The background field is approximately equal to the saddle point, which is the minimum point of the action of the field, and a 1st order correction in ℏ.

Legendre Transform:

(46) Γ[φ] = j∙φ − W[ j ] (equation 31)

= j∙φ + (S[Φc] − j∙Φc) + ½ℏTr[log(S"[Φc])] + … (equation 40)

= j∙(φ − Φc) + S[Φc] + ½ℏTr[log(S"[Φc])] + …
(equation 44)

From φ(x) = Φc(x) + O(ℏ) (equation 45)

We write,

⇒ φ(x) = Φc(x) + δφ

(47) Tailor expansion on S[φ]
= S[φc] + (φ − φc)S'[φc] + ½ δφ S"[φc] δφ + ….

The last term contains a product of two factors of δφ, and by 45, is of order ℏ2.

S[φ] = S[φc] + (φ − φc)S'[φc] + O(ℏ2) + ….

From δS/δφ(x) − j = 0, (equation35)

or S'[φc] = j

Substituting that into 47, and ignoring O(ℏ2),

(48) S[φ] = S[φc] + (φ − φc)j + ….

Repeating equation 46,

(49) Then Γ[φ] = j∙(φ − Φc) + S[Φc]

+ ½ℏTr[log(S"[Φc])] + …
Substitute 48 into 49,

(50)Γ[φ] = S[φ] + ½ℏTr[log(S"[Φc])] + …

Quantum Effective Field = Classical Field
+ 1st order quantum correction
And since this is for a general result, it applies to any field. The prevailing belief is that all the laws of nature can be construed as:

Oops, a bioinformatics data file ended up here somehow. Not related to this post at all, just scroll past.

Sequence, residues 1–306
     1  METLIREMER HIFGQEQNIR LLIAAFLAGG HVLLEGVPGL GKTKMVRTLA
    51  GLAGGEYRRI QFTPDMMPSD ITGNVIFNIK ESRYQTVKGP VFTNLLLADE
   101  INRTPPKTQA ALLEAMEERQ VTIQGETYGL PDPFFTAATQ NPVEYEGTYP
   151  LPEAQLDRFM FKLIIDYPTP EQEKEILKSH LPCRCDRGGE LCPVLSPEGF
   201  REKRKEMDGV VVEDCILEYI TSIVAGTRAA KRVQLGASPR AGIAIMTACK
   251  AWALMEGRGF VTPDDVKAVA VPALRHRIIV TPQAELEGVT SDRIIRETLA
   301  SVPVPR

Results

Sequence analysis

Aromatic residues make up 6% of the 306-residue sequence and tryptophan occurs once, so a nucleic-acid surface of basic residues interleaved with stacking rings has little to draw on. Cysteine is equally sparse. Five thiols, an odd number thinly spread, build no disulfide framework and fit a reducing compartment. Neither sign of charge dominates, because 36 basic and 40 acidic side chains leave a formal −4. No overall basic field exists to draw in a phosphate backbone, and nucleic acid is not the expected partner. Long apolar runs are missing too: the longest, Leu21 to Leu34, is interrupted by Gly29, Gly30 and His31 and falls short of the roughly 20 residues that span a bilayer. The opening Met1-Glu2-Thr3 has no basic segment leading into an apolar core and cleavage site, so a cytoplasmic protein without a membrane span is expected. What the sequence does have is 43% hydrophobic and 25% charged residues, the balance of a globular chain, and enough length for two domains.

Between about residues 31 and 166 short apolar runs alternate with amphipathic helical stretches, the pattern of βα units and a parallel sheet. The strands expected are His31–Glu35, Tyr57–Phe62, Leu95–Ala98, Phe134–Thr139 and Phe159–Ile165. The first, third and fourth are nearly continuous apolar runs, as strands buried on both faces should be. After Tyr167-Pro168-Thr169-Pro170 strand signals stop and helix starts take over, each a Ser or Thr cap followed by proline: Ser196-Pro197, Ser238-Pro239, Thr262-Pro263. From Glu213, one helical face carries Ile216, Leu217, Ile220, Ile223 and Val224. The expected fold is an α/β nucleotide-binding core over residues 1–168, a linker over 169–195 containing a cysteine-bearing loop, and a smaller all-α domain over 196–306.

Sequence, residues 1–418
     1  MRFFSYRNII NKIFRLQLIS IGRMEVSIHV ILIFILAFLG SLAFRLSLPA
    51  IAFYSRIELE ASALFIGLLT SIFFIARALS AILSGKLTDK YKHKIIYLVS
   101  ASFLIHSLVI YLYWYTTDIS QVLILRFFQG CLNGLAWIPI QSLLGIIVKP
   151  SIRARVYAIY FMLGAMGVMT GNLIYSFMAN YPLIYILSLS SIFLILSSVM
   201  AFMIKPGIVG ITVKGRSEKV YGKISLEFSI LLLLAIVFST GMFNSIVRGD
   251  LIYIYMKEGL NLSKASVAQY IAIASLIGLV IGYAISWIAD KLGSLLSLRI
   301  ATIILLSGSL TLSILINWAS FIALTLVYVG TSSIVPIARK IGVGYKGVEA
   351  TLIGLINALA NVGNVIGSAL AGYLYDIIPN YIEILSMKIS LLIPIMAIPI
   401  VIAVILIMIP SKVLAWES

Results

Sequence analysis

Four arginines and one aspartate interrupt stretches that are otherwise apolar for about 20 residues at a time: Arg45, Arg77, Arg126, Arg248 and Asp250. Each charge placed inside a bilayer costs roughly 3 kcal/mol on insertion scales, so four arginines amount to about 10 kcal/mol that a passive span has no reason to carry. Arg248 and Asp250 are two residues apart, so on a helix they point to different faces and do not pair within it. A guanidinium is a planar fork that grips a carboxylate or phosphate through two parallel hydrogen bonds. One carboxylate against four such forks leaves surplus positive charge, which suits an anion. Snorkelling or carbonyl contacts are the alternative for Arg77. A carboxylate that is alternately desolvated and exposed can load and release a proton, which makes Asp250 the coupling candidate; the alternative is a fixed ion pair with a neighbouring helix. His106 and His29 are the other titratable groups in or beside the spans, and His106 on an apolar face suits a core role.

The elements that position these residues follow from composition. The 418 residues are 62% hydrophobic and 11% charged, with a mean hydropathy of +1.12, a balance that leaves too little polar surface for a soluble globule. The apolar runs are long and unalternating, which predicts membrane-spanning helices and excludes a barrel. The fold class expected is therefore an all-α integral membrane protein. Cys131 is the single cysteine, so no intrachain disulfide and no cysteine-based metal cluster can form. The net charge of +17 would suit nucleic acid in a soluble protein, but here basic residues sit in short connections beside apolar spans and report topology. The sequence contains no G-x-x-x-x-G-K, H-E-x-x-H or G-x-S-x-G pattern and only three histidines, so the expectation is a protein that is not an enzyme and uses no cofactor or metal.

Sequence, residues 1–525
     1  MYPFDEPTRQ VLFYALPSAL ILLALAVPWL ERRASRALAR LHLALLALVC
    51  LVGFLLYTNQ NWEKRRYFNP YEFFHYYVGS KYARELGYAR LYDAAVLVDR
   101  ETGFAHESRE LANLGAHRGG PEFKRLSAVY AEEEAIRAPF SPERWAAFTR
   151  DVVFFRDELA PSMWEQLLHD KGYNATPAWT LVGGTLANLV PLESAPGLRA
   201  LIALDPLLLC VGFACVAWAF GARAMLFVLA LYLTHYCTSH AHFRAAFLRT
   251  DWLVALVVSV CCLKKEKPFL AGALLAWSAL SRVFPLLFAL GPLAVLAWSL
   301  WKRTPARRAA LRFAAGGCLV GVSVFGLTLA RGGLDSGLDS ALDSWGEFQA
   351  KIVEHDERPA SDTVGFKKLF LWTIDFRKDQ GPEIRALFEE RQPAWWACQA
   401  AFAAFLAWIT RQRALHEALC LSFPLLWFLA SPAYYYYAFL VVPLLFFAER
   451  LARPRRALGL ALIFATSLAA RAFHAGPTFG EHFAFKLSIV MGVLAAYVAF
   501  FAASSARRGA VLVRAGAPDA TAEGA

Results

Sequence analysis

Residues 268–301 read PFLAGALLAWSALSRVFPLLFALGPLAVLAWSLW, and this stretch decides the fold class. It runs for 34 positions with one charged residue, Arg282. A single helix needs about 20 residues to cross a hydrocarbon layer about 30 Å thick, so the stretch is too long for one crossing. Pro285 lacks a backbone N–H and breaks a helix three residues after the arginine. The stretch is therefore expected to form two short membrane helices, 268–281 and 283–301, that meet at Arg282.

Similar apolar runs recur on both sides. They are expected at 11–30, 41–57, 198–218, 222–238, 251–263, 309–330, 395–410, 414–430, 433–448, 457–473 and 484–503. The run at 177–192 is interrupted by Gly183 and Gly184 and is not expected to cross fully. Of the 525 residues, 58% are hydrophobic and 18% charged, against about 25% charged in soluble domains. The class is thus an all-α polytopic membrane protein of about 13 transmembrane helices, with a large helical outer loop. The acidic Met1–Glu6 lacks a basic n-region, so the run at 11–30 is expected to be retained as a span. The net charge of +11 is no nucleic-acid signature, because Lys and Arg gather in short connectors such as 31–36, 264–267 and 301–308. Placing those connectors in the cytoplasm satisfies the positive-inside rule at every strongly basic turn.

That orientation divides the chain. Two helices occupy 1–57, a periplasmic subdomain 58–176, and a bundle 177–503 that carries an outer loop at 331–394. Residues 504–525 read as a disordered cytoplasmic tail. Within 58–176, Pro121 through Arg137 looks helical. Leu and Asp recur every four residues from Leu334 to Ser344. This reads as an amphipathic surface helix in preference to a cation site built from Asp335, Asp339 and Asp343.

Theory A (high energy) = Theory B (low energy)
+ O(1) + O(2) + O(3) + ...
Where we can calculate to any order of precision we wish.

Appendix

We will borrow from The Path Integral Simplified

(A) C1 = ∫–∞ e –½y2dy = (2π)½ (equ.A10)

(B) C2 = ∫–∞ e–½ay2dy = (2π/a)½ (equ.B5)

(C) C3 = ∫–∞ e–½ay2 + bydy = (2π/a)½eb2/2a (equ.C7)

We want to generalize this for an nxn matrix A, we rewrite the integral as,

(D) C2 → C4 = ∫–∞–∞…∫–∞ dx1dx2…dxn e–½x∙A∙x

(E) C3 → C5 = ∫–∞–∞…∫–∞ dx1dx2…dxn e–½x∙A∙x + J∙x

where x∙A∙x = xiAijxj and J∙x = Jixi , with i,j = 1,2…N, and repeated indices summed over.

We will calculate for N=2, and then generalize to any N. We take any 2x2 matrix A' and diagonalize it to A.

Note: det A' = det A = ad – bc

We calculate xiAijxj = x1(A1jxj)+ x2(A2jxj), i=1,2

= x1(A11x1 + A12x2)+ x2(A21x1 + A22x2 ), j=1,2

But A12 = A21 = 0

Therefore, xiAijxj = x1A11x1 + x2A22x2

= (ad – bc )(x1)2 + (x2)2
= (Det[A])(x1)2+ (x2)2
So we take C4 = ∫–∞–∞ dx1dx2 e–½x∙A∙x , N=2

This becomes,

C4 = ∫–∞–∞ dx1dx2 e(Det[A])(x1)2+ (x2)2

= ∫–∞ dx2e –½x22–∞ dx1 e –½(Det[A])(x1)2
The first integral is C1, and the second is C2.

C4 = (2π)½(2π/det[A])½ = ((2π)2/det[A])½

For any nxn matrix A,

(F) C4 =((2π)N/det[A])½

(G) C5 = ∫–∞–∞…∫–∞ dx1dx2…dxn e–½x∙A∙x + J∙x

=((2π)N/det[A])½ e½ J∙A-1∙J